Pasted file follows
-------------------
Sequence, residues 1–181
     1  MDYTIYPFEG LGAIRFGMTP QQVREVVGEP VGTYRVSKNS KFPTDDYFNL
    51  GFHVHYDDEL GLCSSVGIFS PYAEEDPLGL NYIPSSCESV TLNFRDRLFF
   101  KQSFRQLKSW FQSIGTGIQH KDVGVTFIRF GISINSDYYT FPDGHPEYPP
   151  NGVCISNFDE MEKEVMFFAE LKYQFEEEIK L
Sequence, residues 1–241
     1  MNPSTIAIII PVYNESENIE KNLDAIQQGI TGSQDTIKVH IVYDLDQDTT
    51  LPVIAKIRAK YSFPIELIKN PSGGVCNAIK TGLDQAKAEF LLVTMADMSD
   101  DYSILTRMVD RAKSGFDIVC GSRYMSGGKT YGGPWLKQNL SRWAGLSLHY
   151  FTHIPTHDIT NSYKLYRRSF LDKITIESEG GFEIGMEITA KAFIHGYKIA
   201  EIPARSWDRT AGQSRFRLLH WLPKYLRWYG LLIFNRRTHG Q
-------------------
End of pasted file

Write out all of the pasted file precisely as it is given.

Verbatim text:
Sequence, residues 1–181
     1  MDYTIYPFEG LGAIRFGMTP QQVREVVGEP VGTYRVSKNS KFPTDDYFNL
    51  GFHVHYDDEL GLCSSVGIFS PYAEEDPLGL NYIPSSCESV TLNFRDRLFF
   101  KQSFRQLKSW FQSIGTGIQH KDVGVTFIRF GISINSDYYT FPDGHPEYPP
   151  NGVCISNFDE MEKEVMFFAE LKYQFEEEIK L
Sequence, residues 1–241
     1  MNPSTIAIII PVYNESENIE KNLDAIQQGI TGSQDTIKVH IVYDLDQDTT
    51  LPVIAKIRAK YSFPIELIKN PSGGVCNAIK TGLDQAKAEF LLVTMADMSD
   101  DYSILTRMVD RAKSGFDIVC GSRYMSGGKT YGGPWLKQNL SRWAGLSLHY
   151  FTHIPTHDIT NSYKLYRRSF LDKITIESEG GFEIGMEITA KAFIHGYKIA
   201  EIPARSWDRT AGQSRFRLLH WLPKYLRWYG LLIFNRRTHG Q